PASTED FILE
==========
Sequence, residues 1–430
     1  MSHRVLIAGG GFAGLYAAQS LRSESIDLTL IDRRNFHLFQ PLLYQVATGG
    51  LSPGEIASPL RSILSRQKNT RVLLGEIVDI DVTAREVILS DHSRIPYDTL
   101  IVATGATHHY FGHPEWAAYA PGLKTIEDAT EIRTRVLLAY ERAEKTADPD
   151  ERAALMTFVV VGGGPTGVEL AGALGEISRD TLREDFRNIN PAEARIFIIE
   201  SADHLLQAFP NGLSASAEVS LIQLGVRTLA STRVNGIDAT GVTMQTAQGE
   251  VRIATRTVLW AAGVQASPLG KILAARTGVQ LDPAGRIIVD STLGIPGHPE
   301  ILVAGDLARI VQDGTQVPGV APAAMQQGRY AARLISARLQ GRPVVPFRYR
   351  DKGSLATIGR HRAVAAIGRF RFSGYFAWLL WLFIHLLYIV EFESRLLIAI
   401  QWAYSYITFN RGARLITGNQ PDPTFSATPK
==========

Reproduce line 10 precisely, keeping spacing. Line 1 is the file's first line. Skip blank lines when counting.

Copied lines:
   401  QWAYSYITFN RGARLITGNQ PDPTFSATPK